Fighting fatherlessness to create a better society

Happy father and child piggyback in garden, backyard or walking in park with freedom and support. Black family, together and bonding outdoor in nature with love, happiness and energy. Picture: Supplied

Happy father and child piggyback in garden, backyard or walking in park with freedom and support. Black family, together and bonding outdoor in nature with love, happiness and energy. Picture: Supplied

Published Jun 22, 2024


As South Africa commemorated National Youth Day and Father’s Day on June 16, Father A Nation (FAN), called on policy makers and society at large to prioritise and support fathers in their critical roles as parents, role models, leaders, and nation-builders.

The organisation said the absence of positive male influence and the prevalence of destructive masculine behaviour were significant societal issues with far-reaching impact, contributing to broken families, crime, poverty and poor leadership, and a crippled nation.

“The youth of today are the leaders of tomorrow, their development hinges on strong, positive influences,” said Craig Wilkinson, CEO and founder of FAN, a non-profit company (NPC) dedicated to combating fatherlessness and equipping men to live with positive masculinity.

FAN added that the recent elections highlighted grave concerns around corruption and a lack of effective leadership, which were symptoms of deeper issues in society. Wilkinson highlighted that strong, responsible fathers were foundational for building a safer, better society.

"We are at a pivotal moment in our country's history. The harsh realities of toxic masculinity and fatherlessness contribute to moral bankruptcy and a host of destructive behaviours among boys and men. By addressing these issues, we can raise good men and leaders who will positively contribute to families, society and the future of our country.

“Research shows a clear and undeniable link between fatherlessness and major social issues such as violent crime, corruption, gender-based violence, low education outcomes and mental illness. Good fathers and positive masculine behaviour are the antidote to all of this, transforming lives and building strong communities.”

He added that despite prevailing social ills, there was growing awareness of the significance of fathers and father figures, where responsible fatherhood and positive masculinity were increasingly recognised as crucial in how societies developed for the better.

“A growing number of men are willing to start changing the narrative of father absenteeism, but the widening economic disparities in the country mean that many of these fathers will need support at policy level to meet their responsibilities as providers and caregivers,” said Wilkinson.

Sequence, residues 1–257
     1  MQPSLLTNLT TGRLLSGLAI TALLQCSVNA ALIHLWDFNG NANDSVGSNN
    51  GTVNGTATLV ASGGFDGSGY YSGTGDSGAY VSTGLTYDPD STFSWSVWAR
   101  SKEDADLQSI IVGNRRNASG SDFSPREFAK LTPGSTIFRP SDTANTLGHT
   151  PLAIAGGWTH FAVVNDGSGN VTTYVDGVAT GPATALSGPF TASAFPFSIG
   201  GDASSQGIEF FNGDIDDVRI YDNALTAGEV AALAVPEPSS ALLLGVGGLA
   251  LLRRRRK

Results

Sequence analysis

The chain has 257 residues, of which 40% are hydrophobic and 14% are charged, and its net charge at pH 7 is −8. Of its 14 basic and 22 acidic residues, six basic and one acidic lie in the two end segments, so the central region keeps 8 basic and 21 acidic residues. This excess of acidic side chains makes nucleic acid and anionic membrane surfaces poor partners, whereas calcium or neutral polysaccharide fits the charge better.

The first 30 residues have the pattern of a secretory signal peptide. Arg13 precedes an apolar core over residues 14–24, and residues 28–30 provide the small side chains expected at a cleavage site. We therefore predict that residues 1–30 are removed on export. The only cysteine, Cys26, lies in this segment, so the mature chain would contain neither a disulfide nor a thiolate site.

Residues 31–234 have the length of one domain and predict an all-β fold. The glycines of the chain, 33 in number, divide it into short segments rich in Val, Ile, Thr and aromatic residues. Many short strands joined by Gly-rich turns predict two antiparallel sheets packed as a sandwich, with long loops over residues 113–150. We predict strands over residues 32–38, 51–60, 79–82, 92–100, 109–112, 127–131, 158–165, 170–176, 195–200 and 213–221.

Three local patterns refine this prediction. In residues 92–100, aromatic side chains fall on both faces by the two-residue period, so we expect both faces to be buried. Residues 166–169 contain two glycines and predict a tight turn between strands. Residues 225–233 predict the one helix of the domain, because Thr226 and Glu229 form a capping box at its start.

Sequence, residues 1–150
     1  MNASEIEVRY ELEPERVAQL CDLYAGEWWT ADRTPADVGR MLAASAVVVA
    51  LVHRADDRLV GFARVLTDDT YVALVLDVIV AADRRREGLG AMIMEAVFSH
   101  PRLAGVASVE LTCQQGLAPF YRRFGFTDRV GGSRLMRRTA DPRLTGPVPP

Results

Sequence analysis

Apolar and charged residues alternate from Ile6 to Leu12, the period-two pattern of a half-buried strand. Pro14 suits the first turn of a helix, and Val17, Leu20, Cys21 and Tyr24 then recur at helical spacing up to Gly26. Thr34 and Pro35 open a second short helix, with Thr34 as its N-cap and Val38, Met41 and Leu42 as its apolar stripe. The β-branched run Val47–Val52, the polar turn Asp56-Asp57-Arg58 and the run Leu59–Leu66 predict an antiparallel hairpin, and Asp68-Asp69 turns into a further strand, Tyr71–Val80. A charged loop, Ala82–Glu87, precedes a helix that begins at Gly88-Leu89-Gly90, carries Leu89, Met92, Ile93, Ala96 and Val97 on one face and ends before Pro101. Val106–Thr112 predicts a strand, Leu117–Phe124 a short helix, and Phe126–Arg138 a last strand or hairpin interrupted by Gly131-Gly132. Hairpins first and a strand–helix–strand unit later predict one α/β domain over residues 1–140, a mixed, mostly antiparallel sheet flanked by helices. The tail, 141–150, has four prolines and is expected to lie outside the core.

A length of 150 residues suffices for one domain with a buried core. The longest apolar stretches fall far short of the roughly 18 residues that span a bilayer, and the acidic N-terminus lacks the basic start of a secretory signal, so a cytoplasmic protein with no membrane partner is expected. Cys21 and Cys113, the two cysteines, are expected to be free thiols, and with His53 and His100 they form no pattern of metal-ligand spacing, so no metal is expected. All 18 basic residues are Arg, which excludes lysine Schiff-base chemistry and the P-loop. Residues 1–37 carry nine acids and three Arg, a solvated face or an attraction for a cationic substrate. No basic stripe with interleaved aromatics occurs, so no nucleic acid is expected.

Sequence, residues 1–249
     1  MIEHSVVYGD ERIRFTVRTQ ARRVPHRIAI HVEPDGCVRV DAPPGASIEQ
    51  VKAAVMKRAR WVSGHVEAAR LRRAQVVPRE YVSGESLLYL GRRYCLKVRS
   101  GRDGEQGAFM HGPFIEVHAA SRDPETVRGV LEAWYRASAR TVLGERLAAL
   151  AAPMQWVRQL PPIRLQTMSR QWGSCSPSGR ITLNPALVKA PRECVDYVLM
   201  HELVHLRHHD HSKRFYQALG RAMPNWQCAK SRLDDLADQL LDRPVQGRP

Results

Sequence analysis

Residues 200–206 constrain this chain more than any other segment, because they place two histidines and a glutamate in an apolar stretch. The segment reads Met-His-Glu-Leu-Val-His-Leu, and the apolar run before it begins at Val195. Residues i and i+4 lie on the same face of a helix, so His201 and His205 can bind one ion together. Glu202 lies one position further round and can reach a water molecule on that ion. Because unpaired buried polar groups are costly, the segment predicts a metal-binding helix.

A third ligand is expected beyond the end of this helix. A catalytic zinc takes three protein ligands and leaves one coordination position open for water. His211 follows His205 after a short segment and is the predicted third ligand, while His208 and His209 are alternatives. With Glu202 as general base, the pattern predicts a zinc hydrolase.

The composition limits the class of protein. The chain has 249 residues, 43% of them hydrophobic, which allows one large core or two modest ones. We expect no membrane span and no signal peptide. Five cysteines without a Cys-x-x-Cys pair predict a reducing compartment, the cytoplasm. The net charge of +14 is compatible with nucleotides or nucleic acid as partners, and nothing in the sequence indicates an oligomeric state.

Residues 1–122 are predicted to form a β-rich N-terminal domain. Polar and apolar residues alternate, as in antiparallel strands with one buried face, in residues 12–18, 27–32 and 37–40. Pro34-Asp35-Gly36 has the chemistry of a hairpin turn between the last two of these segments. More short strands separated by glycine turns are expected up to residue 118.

According to the Human Sciences Research Council (HSRC), more than 60% of children in South Africa don’t live with their biological fathers, and 20% only have contact with their biological father twice a week. Tragically this has become a self-perpetuating cycle as boys who grew up without fathers become fathers themselves.

“Many of today's young fathers’ express grief over never having known their own fathers and blame their absence and destructive behaviour, on the lack of male role models teaching and modelling fatherhood and positive masculinity to them in their formative years.” added Wilkinson.

SA is further ailed by low rates of paternal maintenance and high rates of male abuse and neglect, perpetuating an environment where boys grow up to be wounded men. FAN believes that when fathers are supported in being present and engaged parents, the benefits extend far beyond individual families.

"The positive influence of involved fathers on children's development, families’ well-being, communities and the country as a whole cannot be overstated. The path to lasting societal change begins by fostering a culture of integrity within the family unit from an early age, laying the foundation for a thriving and equitable society and creating a ripple effect of positive change that will benefit the entire nation,” said Wilkinson.

On a mission to raise the next generation of men to build a safe and prosperous South Africa, FAN has been running mentorship programmes, educational workshops, and community initiatives across the country since 2010. FAN is actively calling on individuals and organisations to partner in these crucial initiatives.

Saturday Star